PURPOSE OF REVIEW: Stroma is a broad term referring to the connective tissue matrix in which other cells reside. It is composed of diverse cell types with functions such as extracellular matrix maintenance, blood and lymph vessel development, and effector cell recruitment. The tissue microenvironment is determined by the molecular characteristics and relative abundances of different stromal cells such as fibroblasts, endothelial cells, pericytes, and mesenchymal precursor cells. Stromal cell heterogeneity is explained by embryonic developmental lineage, stages of differentiation to other cell types, and activation states. Interaction between immune and stromal cell types is critical to wound healing, cancer, and a wide range of inflammatory diseases. Here, we review recent studies of inflammatory diseases that use functional genomics and single-cell technologies to identify and characterize stromal cell types associated with pathogenesis.
RECENT FINDINGS: High dimensional strategies using mRNA sequencing, mass cytometry, and fluorescence activated cell-sorting with fresh primary tissue samples are producing detailed views of what is happening in diseased tissue in rheumatoid arthritis, inflammatory bowel disease, and cancer. Fibroblasts positive for CD90 (Thy-1) are enriched in the synovium of rheumatoid arthritis patients, and also in prostate cancer tumors. Single-cell RNA-seq studies will lead to more discoveries about the stroma in the near future.
SUMMARY: Stromal cells form the microenvironment of inflamed and diseased tissues. Functional genomics is producing an increasingly detailed view of subsets of stromal cells with pathogenic functions in rheumatic diseases and cancer. Future genomics studies will discover disease mechanisms by perturbing molecular pathways with chemokines and therapies known to affect patient outcomes. Functional genomics studies with large sample sizes of patient tissues will identify patient subsets with different disease phenotypes or treatment responses.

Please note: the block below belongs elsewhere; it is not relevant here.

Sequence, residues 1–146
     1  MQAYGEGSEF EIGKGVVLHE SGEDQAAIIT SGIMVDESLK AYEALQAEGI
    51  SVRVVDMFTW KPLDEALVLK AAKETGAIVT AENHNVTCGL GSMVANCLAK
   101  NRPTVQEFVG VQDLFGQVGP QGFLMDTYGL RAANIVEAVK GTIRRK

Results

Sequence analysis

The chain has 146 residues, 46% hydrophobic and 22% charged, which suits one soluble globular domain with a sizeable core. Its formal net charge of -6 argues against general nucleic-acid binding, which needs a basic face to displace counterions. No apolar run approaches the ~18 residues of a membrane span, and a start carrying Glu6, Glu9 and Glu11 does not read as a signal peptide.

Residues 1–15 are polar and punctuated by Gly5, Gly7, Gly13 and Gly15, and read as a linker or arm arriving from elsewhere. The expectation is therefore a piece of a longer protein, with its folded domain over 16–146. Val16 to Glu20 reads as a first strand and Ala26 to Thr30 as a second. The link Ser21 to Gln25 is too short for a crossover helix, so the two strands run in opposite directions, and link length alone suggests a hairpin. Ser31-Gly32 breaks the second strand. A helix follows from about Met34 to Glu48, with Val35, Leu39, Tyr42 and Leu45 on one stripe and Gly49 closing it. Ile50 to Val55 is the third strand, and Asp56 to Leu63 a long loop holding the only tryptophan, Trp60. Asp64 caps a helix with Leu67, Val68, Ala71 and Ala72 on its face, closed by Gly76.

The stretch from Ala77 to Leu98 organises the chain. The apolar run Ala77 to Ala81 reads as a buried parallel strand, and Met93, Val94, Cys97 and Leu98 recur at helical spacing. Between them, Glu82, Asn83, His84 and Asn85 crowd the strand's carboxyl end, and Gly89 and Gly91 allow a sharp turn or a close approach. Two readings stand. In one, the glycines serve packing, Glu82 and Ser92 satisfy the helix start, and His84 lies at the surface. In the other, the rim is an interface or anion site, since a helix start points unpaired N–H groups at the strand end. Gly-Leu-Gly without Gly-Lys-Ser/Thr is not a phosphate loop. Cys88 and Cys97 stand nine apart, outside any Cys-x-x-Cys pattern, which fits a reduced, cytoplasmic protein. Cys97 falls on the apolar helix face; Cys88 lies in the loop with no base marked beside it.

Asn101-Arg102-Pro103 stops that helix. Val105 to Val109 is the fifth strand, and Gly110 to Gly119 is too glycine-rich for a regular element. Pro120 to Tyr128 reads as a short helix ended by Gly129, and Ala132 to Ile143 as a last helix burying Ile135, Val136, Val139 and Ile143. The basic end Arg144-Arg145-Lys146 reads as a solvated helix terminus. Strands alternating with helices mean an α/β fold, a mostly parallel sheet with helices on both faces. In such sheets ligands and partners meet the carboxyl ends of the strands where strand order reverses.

Functionally distinct disease-associated fibroblast subsets in rheumatoid arthritis
Fumitaka Mizoguchi*, Kamil Slowikowski*, Kevin Wei, Jennifer L. Marshall, Deepak A. Rao, Sook Kyung Chang, Hung N. Nguyen, Erika H. Noss, Jason D. Turner, Brandon E. Earp, Philip E. Blazar, John Wright, Barry P. Simmons, Laura T. Donlin, George D. Kalliolias, Susan M. Goodman, Vivian P. Bykerk, Lionel B. Ivashkiv, James A. Lederer, Nir Hacohen, Peter A. Nigrovic, Andrew Filer, Christopher D. Buckley, Soumya Raychaudhuri & Michael B. Brenner
Nature Communications, 2018. DOI: 10.1038/s41467-018-02892-y
Fibroblasts regulate tissue homeostasis, coordinate inflammatory responses, and mediate tissue damage. In rheumatoid arthritis (RA), synovial fibroblasts maintain chronic inflammation which leads to joint destruction. Little is known about fibroblast heterogeneity or if aberrations in fibroblast subsets relate to pathology. Here, we show functional and transcriptional differences between fibroblast subsets from human synovial tissues using bulk transcriptomics of targeted subpopulations and single-cell transcriptomics. We identify seven fibroblast subsets with distinct surface protein phenotypes, and collapse them into three subsets by integrating transcriptomic data. One fibroblast subset, characterized by the expression of proteins podoplanin, THY1 membrane glycoprotein and cadherin-11, but lacking CD34, is threefold expanded in patients with RA relative to patients with osteoarthritis. These fibroblasts localize to the perivascular zone in inflamed synovium, secrete proinflammatory cytokines, are proliferative, and have an in vitro phenotype characteristic of invasive cells. Our strategy may be used as a template to identify pathogenic stromal cellular subsets in other complex diseases.
SNPSEA: an algorithm to identify cell types, tissues, and pathways affected by risk loci
Kamil Slowikowski, Xinli Hu, Soumya Raychaudhuri
Bioinformatics, 2014. DOI: 10.1093/bioinformatics/btu326
We created a fast, robust and general C++ implementation of a single-nucleotide polymorphism (SNP) set enrichment algorithm to identify cell types, tissues and pathways affected by risk loci. It tests trait-associated genomic loci for enrichment of specificity to conditions (cell types, tissues and pathways). We use a non-parametric statistical approach to compute empirical P-values by comparison with null SNP sets. As a proof of concept, we present novel applications of our method to four sets of genome-wide significant SNPs associated with red blood cell count, multiple sclerosis, celiac disease and HDL cholesterol.